“Why? Can you elaborate? Why Japan more so than any other place?”

“There is yet another plate boundary that exists inland, somewhere under the substantial bulk of Mt Fuji.” Wulfstein gazed at her intently. “What this means is, where the Philippine Sea plate is subducted below the Japanese mainland, the solid mass of Izu is in its way. It collides head on . . . and acts as a brake. Once the blockage fails, an unimaginable quake is going to strike.”

“We know that. Your prediction was reported in numerous magazines.”

“No. It’s after that.”

“After what?” Did she miss something? She followed his gaze to the northeast of the archipelago.

“The IzuPeninsula is only a small part in the larger scheme of things.” Wulfstein pointed to the spots. “Starting from the northwest of the Pacific plate lays the Kuril-Kamchatka Trench. It continues down the Japan Trench to the Mariana Trench.”

“Do we know what it’s like there?”

“No one is sure.” He shuddered, then stepped toward the door. “We’re planning a trip to the Izu-Ogasawara Trench. EQ-Lun has detected some strange seismic activity there.”

“Really? Could there be a spot for a journalist in the expedition?”

“No, it’s too dangerous, Eileen,” Wulfstein said.

“I can handle it, Wilhelm. Let me come.”

“No, no.” Wulfstein frowned. “Going to such depth isn’t the same as getting into a bathysphere. Besides, I’ve told you enough.”

“There are always risks being an investigative writer,” she insisted. “But you haven’t answered my question.”

“What question? I’d especially set today free from any other engagement, and I know I’ve inundated you with too much details.”

“You haven’t explained why electromagnetic signals were generated before Kaiiko’s disappearance.”

“Electromagnetic signals?” Wulfstein froze, his eyes staring out into a vacuum for a long moment. “I’d heard this question before?” The perplexing question appeared to sting his head like a hornet, as if something of an issue he had being trying to avoid. Finally, he raised his brows, whispering, “Jer . . . Jerry . . .” The words caught in his throat. “Jerry O’Neill.”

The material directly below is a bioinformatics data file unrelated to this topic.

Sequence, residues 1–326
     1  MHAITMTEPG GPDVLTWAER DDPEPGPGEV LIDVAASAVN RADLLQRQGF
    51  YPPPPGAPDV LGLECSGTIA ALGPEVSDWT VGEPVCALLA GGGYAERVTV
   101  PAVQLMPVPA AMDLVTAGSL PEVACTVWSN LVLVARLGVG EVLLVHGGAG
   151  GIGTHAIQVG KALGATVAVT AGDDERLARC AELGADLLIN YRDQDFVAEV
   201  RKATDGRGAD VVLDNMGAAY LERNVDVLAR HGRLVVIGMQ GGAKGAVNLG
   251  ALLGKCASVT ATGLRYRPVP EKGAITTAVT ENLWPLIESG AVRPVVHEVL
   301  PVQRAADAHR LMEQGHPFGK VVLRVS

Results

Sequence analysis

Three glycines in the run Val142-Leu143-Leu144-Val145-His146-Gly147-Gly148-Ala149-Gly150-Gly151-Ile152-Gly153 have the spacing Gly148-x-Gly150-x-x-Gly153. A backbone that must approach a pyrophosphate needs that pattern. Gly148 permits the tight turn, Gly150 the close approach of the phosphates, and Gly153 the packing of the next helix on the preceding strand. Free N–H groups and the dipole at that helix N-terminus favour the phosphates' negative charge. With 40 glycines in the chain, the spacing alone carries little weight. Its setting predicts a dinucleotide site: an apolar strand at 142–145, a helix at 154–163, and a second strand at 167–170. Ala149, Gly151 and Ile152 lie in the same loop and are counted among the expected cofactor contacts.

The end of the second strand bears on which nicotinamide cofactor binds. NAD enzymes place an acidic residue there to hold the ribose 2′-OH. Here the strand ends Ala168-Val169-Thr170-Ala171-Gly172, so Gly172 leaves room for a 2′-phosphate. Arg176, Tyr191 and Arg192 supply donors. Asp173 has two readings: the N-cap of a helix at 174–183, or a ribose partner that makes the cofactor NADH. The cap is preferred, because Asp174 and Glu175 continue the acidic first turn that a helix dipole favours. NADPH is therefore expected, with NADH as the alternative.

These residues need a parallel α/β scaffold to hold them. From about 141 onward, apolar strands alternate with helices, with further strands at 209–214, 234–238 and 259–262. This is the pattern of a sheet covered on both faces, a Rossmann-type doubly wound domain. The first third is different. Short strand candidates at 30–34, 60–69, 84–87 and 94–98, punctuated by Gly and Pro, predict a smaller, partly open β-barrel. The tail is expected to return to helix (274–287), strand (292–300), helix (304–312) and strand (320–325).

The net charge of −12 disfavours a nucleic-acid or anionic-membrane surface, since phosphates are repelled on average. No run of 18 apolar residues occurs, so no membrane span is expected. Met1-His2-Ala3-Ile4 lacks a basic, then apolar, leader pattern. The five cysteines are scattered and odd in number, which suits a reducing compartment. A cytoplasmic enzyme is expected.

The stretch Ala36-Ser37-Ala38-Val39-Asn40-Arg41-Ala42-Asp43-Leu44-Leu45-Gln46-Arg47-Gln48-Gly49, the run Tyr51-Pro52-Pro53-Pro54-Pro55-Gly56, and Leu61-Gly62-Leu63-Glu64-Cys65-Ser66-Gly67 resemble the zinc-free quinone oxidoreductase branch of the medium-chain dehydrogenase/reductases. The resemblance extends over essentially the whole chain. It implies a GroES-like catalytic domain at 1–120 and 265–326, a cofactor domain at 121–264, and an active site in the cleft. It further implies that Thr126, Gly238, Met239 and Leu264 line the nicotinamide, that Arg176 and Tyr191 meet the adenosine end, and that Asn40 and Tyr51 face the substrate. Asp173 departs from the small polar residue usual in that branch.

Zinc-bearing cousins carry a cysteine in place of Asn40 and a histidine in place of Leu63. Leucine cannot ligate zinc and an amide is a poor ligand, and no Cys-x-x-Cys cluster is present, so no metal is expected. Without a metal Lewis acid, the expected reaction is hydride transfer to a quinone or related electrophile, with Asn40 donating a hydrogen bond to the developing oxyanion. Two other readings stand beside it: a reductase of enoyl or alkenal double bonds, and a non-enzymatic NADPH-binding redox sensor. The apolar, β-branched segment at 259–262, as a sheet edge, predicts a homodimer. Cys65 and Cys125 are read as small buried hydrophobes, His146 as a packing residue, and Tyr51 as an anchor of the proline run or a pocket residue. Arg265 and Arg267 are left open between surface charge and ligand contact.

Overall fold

Eileen sensed his pain mingling with her own. “Yes, I know Jerry asked you this question before.”

“Yes, Jerry phoned to ask about electromagnetic signals before he died,” Wulfstein said. “So, you . . . you’re Jerry’s wife?”

“Yes, I’m Eileen O’Neill.” The image of her husband, a burst of pyroclastic flow that left him no room to escape, burned in her mind.

Wulfstein looked stunned; the truth seemed to hit him like clashing cymbals. “I’m immensely sorry for your loss, Mrs O’Neill.”

He reached out and hugged her. She responded and he cradled her head on his shoulder and rubbed her back gently. “It’s too much . . . it must be hard for you to bear, Eileen.”

Her palms moistened, yet her fingers turned icy cold in his compassionate embrace. Sorrow and terror bubbled as memories flooded back. She shuddered, reacting to what had haunted her day and night. She wanted to avoid bringing out the past, knowing that her emotions would devastate her.

For a long moment neither could speak. Wulfstein drew in a shallow breath. “A star graduate of MIT. He was one of my top students.”

“I miss him and I’m scared,” she murmured, her body trembling from the frightful image. Tears ran down her cheeks as he held her tightly. “Yet I’m committed to finding out how electromagnetic signals play in this scheme of things.”

“Besides the discomfort of seasickness,” he said, “the trip will be risky, Eileen. I’m afraid the chance of surviving may not be better than for a sheep returning from the slaughterhouse.”

She glanced at Wulfstein, speechless. For reasons she couldn’t fathom, his presence comforted her. Familiarity perhaps? It was as if he had held her before.

“My life has been restless and I haven’t been sleeping well,” she managed. “I need answers, so it’s a chance I’ll take. But right now, I feel the world is exploding around me.”

Wulfstein seemed overwhelmed, unable to say more, chocking back his own emotions. Yet, he flinched at her determination to find an answer. Finally he held her shoulders tighter in his arms and gave her another compassionate hug.

“Are you sure you really want to come?”